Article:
As I’ve been saying, all my early Elvis vinyl, everything that happened before King of America, I bought after King of America. I didn’t know any of those albums before the mid-to-late ‘80s, other than knowing their singles from various collections (I didn’t get most of them on CD until the mid-90s). And as a result, I didn’t really get that into them as albums.
“Trust” was one exception. I believe I picked this up the same as all my other Elvis Costello vinyl, in the rush to clear out vinyl and make room for long-box CD displays. Unlike the other early albums, this one (from 1981) made a real impression on me once I bought it, and got considerable play, was transferred onto cassette, and was featured on mix tapes. His lyrics really step up on this album. The great wordplay of “You’ll Never Be a Man,” and “New Lace Sleeves” and “Big Sister’s Clothes” really slew me. But by far my favorite track was one featuring Glenn Tilbrook. I was a huge Squeeze fan — I am a huge Squeeze fan — and his vocals on “From A Whisper to A Scream” just slew me.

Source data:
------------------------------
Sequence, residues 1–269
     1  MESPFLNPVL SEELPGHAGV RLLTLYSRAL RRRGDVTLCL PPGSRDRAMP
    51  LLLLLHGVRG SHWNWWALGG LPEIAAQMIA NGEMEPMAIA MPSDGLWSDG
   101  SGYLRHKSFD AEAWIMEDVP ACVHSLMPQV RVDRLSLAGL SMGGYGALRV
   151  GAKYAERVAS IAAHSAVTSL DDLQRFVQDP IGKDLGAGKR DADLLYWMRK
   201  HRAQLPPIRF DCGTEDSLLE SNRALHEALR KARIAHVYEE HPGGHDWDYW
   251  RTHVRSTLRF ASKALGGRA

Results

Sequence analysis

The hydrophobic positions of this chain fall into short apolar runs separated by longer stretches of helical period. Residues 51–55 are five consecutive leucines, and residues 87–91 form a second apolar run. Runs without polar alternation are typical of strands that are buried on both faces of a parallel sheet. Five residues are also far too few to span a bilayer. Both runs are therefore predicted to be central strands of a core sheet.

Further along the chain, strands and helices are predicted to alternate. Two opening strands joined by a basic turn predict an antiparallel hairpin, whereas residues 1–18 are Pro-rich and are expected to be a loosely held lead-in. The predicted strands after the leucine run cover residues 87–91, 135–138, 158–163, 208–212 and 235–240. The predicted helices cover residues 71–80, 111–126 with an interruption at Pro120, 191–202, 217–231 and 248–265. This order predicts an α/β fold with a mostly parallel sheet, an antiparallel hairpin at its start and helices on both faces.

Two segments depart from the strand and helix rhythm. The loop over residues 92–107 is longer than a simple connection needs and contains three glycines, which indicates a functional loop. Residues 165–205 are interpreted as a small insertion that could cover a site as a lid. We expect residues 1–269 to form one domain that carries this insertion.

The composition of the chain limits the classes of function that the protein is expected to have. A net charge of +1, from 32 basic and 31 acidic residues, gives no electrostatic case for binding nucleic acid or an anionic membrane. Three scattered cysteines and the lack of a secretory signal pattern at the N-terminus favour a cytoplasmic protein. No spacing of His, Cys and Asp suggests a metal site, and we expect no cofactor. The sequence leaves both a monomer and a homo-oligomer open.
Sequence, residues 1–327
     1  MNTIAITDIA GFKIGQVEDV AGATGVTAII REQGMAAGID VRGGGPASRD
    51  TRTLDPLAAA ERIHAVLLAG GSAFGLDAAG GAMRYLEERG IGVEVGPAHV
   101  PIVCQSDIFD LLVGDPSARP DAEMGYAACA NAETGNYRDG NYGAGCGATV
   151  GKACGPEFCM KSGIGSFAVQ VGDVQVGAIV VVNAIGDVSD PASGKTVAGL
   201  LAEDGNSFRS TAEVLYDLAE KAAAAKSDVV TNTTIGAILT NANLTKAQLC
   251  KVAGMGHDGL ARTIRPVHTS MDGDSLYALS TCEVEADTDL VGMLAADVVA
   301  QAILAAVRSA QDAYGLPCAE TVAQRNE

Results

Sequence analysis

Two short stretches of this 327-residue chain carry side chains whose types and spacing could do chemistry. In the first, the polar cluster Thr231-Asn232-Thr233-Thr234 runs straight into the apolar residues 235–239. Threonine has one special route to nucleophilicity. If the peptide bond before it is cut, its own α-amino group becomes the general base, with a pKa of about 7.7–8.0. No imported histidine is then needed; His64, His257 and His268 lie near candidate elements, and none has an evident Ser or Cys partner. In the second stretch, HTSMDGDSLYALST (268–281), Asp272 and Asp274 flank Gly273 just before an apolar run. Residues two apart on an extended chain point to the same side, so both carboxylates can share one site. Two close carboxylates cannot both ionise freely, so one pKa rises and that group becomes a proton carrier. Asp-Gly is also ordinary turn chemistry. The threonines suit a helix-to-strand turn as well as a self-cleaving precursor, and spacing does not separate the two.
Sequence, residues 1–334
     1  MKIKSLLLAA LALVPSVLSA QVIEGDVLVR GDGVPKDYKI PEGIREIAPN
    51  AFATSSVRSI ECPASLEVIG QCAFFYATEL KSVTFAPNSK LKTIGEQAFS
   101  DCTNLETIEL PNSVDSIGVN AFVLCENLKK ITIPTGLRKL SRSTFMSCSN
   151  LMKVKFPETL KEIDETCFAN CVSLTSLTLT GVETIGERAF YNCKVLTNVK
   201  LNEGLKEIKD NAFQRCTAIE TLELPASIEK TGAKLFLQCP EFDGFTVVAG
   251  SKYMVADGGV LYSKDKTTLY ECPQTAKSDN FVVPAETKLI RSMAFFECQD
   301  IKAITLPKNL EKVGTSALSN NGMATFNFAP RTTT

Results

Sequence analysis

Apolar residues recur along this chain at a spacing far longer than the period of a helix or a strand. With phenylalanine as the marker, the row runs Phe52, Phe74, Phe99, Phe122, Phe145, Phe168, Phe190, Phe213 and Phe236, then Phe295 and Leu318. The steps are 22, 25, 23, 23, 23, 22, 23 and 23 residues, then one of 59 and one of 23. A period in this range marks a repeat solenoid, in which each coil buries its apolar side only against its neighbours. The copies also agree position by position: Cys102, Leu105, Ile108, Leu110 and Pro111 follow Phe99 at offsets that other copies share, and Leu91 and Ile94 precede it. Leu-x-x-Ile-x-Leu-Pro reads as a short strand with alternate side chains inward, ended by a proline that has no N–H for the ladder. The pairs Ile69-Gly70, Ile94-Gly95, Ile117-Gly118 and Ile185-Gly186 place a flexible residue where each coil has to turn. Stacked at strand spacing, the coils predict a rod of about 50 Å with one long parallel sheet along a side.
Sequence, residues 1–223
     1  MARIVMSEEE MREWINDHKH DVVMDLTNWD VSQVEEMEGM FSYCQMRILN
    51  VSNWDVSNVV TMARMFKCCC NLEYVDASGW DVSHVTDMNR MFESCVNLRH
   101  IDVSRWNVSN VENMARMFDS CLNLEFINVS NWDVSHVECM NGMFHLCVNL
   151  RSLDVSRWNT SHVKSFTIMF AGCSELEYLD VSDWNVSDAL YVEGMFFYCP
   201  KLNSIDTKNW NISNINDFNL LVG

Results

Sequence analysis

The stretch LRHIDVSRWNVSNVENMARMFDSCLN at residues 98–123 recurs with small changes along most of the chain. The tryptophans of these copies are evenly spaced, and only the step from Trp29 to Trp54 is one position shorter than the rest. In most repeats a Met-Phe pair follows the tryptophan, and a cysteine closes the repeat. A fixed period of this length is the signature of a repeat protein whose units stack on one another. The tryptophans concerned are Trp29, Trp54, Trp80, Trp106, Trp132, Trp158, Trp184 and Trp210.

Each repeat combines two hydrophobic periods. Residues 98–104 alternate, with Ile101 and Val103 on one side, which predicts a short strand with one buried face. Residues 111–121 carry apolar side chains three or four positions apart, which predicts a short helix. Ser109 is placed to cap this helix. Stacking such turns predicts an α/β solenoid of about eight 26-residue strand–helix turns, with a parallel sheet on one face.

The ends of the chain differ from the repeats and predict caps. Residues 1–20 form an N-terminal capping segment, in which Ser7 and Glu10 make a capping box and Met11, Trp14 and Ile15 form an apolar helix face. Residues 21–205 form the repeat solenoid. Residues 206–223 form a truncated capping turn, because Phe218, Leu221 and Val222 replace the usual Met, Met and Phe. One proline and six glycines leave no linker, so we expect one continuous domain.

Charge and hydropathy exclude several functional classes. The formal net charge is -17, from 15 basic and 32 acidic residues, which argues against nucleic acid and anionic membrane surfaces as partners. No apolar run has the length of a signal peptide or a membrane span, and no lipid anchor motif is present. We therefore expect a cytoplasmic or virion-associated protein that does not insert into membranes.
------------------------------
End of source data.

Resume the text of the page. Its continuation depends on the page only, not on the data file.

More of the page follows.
Unfortunately, all these late pressings of early Elvis records were bare bones affairs — no picture sleeves or lyric sheets or custom labels. If those were ever part of Elvis’s releases, they were gone by the time I got these LPs. So a lot of the things that cause great associations with records — the liner notes, the personnel credits, the weird little “thanks to’s” — none of those are here, sadly. Just the music. Because I had “Trust” on vinyl, I held off a long time on getting a CD version until the Rykodisc version came out in 1994, with a bunch of extended tracks including “Love for Sale” and “Gloomy Sunday.” Worth the wait.